We watched the sunset and I realized how long it had been since I'd seen one. Perhaps I've written about this before, but living on the east side of Manhattan does not afford me views of the Hudson River, where the sun sets. Until this point, it's fair to say I had probably gone months without seeing one. It's strange to think that living in Manhattan removes one from nature's daily schedule like that but, as I've said likely many times before, it's a trade off. Here in Maine, the sun looked like a giant egg yolk descending into orange and yellow clouds before it was whisked away by nighttime and the creaking of crickets. We greeted the darkness by roasting marshmallows on the grill, reaching into the woods to grab sticks and hoping they weren't actually snakes. Succeeding, I let my marshmallows catch fire while HanOre lovingly toasted hers.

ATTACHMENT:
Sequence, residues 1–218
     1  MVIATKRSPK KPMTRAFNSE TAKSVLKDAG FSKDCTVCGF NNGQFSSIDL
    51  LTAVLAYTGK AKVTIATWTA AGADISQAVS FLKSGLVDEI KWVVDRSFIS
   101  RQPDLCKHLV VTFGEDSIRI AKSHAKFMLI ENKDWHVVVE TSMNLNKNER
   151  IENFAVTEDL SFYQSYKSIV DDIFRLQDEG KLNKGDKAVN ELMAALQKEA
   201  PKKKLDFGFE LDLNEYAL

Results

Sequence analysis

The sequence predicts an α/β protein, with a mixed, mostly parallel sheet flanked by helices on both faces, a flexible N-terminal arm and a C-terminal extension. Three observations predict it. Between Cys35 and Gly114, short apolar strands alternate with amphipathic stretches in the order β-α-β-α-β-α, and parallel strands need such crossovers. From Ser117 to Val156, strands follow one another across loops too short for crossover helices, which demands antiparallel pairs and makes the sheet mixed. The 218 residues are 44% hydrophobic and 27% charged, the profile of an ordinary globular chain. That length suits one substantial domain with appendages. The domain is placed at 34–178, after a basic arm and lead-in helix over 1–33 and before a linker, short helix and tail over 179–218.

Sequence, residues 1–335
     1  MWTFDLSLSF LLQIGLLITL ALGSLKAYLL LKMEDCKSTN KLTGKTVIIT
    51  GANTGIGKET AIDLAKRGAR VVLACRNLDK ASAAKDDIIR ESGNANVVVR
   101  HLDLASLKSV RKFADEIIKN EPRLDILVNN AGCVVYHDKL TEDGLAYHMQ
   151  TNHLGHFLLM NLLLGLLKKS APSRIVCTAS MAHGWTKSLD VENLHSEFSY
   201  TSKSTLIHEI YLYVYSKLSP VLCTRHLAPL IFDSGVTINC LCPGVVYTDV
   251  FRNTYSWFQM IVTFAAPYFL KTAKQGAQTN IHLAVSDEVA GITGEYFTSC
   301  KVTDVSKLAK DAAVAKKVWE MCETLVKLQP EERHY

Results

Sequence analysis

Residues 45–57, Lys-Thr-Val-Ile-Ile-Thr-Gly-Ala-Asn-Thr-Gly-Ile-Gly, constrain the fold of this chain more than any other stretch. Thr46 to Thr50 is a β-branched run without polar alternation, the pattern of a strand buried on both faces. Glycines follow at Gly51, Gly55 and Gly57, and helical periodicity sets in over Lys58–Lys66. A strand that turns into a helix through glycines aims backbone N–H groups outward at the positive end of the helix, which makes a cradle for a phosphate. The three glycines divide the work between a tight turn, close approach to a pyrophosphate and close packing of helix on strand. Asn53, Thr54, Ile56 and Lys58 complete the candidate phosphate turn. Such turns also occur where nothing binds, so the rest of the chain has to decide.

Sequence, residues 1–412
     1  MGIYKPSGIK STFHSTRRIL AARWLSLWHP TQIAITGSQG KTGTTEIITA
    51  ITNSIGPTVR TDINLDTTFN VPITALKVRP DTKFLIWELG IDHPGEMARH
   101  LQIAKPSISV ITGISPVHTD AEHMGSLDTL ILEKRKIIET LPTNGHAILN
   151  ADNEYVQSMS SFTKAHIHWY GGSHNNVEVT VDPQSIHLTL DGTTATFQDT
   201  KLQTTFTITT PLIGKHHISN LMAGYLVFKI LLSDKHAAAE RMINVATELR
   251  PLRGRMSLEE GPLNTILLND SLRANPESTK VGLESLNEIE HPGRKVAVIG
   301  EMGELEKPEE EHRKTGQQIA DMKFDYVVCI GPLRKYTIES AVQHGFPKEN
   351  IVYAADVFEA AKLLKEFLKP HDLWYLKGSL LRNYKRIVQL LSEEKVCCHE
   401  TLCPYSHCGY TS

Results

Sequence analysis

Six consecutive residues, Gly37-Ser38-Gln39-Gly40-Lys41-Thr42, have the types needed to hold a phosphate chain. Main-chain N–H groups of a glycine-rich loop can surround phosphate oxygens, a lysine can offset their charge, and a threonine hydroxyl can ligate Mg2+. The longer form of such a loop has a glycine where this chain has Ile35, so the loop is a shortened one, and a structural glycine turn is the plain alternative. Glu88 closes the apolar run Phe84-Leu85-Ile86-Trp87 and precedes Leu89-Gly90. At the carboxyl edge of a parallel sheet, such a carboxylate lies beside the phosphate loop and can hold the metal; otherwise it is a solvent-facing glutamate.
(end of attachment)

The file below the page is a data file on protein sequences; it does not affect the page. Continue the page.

In the morning, we assembled the dock and HanOre's sister, J, proceeded to jump off it almost instantly.  She did it the night before, too, before we had assembled it. "Will you jump off the dock with me?" she asked me later in the weekend. Having dipped a toe in earlier, I knew it was freezing cold, but it still wasn't the coldest water I had ever jumped in.
"Yes," I said, giving a forthright nod of my head. "I haven't jumped off anything into freezing cold water in about 10 years." When I was at summer camp in North Carolina, about that long ago, I did this kind of stuff all the time. I was looking forward to doing it again.